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What is Energy Demand?

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Energy demand is the term used to describe the consumption of energy by human activity. It drives the whole energy system, influencing the total amount of energy used; the location of, and types of fuel used in the energy supply system; and the characteristics of the end use technologies that consume energy.

When we talk about energy demand, we refer to all uses of energy: electricity, transport fuels and fuels for heating and industrial processes. Our current energy system is at the beginning of a period of massive change. In order to respond to the threat of climate change, we will need to eliminate fossil fuels from the UK energy system by 2050. Energy efficiency has increased and demand in the UK has fallen significantly in the last decade, but this trend needs to be continued and reinforced.

Improved energy efficiency will not be sufficient

Although critical, improved energy efficiency will not be sufficient; we will also need to move away from fossil fuels. In electricity generation, current trends are positive. The costs of wind and solar energy are falling rapidly, and therefore we are seeing higher proportions of renewables in electricity generation, allowing us to move away from polluting fossil fuels such as coal. However, including large amounts of renewables into electricity supply is not straightforward. Electricity supply and demand have to be constantly balanced and solar and wind are variable sources, making this balancing more difficult.

Many people are working on energy storage solutions and these are improving. Greater flexibility in electricity demand, often called demand side response, can also help. This involves a much greater understanding of the timing of energy demand and how it can be altered, either by changing our energy practices (e.g. doing the washing at different times) or storing energy locally (e.g. in hot water tanks or electric vehicle batteries). There are some technologies that promise to manage demand through smart devices connected via the internet and smart meters to a smart grid. Significant social changes will need to accompany these technological changes.

Decarbonising fuels

We will also need to decarbonise the fuels we use in heating and transport. Electrification can play a big role in this. We are already seeing increased demand for electric vehicles and some electric heating. However, complete electrification of heating is unlikely, and there are similar issues in moving away from fossil fuels in freight transport, aviation, shipping and many industrial processes. It is therefore likely that new energy carriers such as hydrogen will be needed, raising new issues for energy demand research.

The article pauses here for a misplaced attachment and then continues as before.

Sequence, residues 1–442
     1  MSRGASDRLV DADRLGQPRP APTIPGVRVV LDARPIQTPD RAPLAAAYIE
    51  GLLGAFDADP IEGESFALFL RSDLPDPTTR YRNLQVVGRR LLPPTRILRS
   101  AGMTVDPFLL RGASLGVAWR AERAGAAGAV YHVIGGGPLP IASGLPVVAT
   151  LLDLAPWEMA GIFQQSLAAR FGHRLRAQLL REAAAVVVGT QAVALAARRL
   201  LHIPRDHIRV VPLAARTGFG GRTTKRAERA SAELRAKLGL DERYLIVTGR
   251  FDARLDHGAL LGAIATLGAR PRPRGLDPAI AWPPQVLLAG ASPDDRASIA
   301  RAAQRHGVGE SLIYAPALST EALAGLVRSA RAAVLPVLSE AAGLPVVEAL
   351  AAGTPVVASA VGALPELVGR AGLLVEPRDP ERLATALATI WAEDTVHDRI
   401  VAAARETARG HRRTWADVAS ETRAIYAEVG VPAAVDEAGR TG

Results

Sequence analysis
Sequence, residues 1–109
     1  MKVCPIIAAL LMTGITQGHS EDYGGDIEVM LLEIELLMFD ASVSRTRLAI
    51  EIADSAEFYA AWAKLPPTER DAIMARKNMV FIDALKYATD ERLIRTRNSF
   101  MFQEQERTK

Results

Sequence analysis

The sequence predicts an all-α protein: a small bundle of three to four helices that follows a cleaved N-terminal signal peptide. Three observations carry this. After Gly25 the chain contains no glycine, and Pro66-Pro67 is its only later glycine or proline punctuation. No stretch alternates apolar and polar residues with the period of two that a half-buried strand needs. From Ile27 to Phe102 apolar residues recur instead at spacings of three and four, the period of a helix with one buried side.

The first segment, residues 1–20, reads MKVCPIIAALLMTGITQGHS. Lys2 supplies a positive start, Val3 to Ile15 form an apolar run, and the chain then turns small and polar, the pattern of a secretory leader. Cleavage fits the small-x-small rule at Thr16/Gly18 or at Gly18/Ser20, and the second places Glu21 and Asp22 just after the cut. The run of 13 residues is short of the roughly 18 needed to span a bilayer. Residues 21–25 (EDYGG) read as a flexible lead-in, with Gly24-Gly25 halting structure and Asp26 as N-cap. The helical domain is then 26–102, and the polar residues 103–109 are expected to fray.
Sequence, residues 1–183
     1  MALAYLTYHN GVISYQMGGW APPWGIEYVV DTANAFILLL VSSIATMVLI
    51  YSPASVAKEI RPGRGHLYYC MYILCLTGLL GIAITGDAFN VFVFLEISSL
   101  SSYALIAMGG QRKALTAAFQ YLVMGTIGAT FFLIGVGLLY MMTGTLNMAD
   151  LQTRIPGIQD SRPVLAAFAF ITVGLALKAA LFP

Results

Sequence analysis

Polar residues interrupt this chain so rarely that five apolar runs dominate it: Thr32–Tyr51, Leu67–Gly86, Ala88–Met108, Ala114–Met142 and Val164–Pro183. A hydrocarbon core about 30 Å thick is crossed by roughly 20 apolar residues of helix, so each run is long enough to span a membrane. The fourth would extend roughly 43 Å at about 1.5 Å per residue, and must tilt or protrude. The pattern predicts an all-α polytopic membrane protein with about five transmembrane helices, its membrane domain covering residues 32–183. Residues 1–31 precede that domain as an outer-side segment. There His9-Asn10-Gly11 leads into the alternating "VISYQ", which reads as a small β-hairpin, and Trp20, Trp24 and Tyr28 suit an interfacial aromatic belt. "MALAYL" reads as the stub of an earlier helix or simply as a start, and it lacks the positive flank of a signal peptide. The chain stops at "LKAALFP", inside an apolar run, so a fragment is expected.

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Energy demand reduction is key to achieving net-zero by 2050, requiring positive social changes that will change the way we travel, consume, eat and how we heat our homes. Also, energy efficiency measures must be adopted. By 2050, a 52% reduction in energy demand is possible.

  • In transport, better provision of local services to reduce the need to travel combined with electrified transport can reduce energy demand in the sector by 68%: 36% through social change, 32% through efficiency.
  • For domestic buildings, well insulated homes combined with new technologies like heat pumps can reduce energy demand in the sector by 52%: 25% through social change, 27% from efficiency.
  • In nutrition, shifts in dietary habits combined with improvements in agricultural productivity can reduce energy demand in the sector by 62%: 40% through social change, 22% from efficiency.
  • We can reduce energy demand in non-domestic buildings through changes to the way we work combined with smart energy control systems. This could reduce demand by 48% for the sector, 22% through social change, 26% in efficiency.
  • For materials and products, changes in how we consume products combined with energy efficiency measures can reduce energy demand in that sector by 26% – 21% through social change, 5% through efficiency.

Studying energy demand at CREDS

From this we can see that are different ways of dividing up the study of energy demand. In CREDS it was been divided into three main ‘sectoral’ areas: transport (where, how and why we travel), buildings (how to achieve comfortable, healthy, energy efficient buildings) and materials (how industry could adapt their processes and materials). These are supplemented by three cross-cutting themes, namely: flexibility (the timing of energy demand), digital (the influence of IT on energy demand) and policy (understanding how public policy affects energy demand). We also have a specific focus on the decarbonisation of heating, fuel and transport poverty and the decarbonisation of steel.

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